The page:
A further dimension has been the wider involvement of the humanities in medicine and in medical education. This movement began around 30 years ago and is now a valuable input into ethics and clinical care. It tries to see patients and communities holistically (a central part of care) and uses, in addition to the philosophical framework of ethics, the arts and humanities such as literature, the visual arts, dance and movement. This has brought different dimensions to thinking about ethical issues and in uncovering what matters most to patients. There is no dichotomy here, simply an expansion of the knowledge and learning base of medical ethics.

In summary, medical education has changed much over the last three decades, and this has been to the benefit of those who feel that medical ethics is an important part of the work of the doctor and other health professionals. It also gives a responsibility to those who assist learning to evaluate their approaches, develop the evidence base and publish the outcomes in journals and books. Only in this way can we ensure that medical ethics continues to be a key part of professional education, and that the methodology used is effective.

So what does good medical ethics mean?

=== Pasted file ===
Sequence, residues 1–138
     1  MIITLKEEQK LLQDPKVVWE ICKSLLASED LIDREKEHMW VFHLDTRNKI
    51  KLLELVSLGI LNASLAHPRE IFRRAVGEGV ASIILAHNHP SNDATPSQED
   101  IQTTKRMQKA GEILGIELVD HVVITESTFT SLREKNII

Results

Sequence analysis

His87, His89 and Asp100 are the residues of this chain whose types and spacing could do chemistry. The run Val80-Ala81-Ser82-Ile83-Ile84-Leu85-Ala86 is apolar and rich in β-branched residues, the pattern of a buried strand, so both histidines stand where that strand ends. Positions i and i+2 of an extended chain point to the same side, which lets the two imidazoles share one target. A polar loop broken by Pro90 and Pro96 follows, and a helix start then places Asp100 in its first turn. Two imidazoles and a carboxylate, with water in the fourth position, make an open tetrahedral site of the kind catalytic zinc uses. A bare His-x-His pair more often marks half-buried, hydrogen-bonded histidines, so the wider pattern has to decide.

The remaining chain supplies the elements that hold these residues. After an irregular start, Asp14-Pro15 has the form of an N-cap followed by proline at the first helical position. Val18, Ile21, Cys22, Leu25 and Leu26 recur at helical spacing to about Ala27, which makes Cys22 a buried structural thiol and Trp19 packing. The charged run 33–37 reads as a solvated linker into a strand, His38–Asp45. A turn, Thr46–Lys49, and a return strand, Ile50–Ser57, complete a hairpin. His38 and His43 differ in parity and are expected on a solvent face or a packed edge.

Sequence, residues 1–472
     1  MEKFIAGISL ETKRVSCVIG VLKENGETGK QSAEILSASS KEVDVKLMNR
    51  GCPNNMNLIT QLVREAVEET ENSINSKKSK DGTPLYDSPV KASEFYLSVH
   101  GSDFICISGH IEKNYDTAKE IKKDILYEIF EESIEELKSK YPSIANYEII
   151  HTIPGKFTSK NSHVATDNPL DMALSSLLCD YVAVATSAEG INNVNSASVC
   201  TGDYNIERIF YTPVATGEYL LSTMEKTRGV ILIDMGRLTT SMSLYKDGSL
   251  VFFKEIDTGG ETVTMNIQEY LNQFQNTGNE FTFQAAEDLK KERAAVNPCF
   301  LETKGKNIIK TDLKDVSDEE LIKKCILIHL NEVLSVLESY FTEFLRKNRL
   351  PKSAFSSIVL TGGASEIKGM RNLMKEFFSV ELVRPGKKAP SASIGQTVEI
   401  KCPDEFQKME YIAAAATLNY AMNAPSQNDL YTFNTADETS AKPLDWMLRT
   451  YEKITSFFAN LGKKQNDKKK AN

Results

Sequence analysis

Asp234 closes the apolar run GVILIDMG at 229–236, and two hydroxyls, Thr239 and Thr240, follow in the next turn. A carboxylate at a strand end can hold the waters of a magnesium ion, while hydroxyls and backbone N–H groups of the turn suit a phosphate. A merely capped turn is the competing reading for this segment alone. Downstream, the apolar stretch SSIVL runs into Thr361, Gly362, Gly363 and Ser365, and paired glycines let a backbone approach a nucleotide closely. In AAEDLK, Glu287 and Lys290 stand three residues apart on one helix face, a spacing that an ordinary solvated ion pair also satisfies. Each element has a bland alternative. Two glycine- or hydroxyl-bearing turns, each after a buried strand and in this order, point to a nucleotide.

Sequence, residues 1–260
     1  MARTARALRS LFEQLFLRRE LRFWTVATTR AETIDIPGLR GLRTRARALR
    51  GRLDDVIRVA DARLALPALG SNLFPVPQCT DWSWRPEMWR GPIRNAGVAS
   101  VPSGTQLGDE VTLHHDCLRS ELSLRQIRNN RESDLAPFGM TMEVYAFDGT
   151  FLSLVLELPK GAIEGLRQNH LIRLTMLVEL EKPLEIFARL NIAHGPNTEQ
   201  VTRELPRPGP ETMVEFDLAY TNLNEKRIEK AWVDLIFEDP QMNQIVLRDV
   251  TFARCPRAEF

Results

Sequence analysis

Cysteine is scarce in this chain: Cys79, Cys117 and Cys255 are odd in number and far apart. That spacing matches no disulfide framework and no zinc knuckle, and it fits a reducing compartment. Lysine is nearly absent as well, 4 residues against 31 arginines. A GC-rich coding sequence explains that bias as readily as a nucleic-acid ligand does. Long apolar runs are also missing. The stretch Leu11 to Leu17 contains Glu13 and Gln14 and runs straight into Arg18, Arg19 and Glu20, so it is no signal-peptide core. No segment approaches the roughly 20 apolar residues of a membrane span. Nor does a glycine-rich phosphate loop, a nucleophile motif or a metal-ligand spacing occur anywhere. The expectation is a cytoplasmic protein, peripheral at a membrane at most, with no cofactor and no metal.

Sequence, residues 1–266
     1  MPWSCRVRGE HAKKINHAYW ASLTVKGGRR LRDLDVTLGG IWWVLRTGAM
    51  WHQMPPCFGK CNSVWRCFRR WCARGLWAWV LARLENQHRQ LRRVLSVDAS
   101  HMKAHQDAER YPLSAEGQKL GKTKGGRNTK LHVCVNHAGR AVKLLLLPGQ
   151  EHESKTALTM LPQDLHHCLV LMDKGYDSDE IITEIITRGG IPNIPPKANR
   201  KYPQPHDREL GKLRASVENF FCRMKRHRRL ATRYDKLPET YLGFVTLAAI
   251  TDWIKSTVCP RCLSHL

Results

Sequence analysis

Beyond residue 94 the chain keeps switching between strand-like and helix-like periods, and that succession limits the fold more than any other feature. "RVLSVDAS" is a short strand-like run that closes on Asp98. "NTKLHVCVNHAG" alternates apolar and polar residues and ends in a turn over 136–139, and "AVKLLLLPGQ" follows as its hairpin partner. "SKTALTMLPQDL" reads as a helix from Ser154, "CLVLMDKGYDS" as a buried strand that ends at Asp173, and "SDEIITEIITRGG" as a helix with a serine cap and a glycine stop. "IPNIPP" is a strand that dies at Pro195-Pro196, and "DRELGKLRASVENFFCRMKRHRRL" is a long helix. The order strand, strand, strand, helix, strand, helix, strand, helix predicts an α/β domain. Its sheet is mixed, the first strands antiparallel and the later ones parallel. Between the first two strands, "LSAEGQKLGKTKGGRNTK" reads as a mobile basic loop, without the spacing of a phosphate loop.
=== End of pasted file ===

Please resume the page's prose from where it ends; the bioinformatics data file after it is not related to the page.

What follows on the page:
Here, we return to the statement at the beginning of this essay. The first issue to be raised was the need to have to a clear statement of the values of the medical profession. This is available in many different forms and should be agreed by the profession and shared with the public. It should be set out as a series of principles—such as the General Medical Council documents—recognising that in particular circumstances these may not fit well and will require further discussion. As medicine advances with new treatments and diagnostic techniques, it will become ever more complex and new ethical issues present new problems.

This is also why the public need to be kept up to date, not just with medical advances, but with their consequences. They also need to be aware of the ethical values agreed by the profession and these should be displayed in clinical settings, providing ways in which patients and the public can interact. This stresses the importance of communication, both with the patient and family, and with the wider public. Major national and international organisations who have a specific interest in ethics, and who debate such topics regularly, also have a responsibility to make such views widely known and readily available.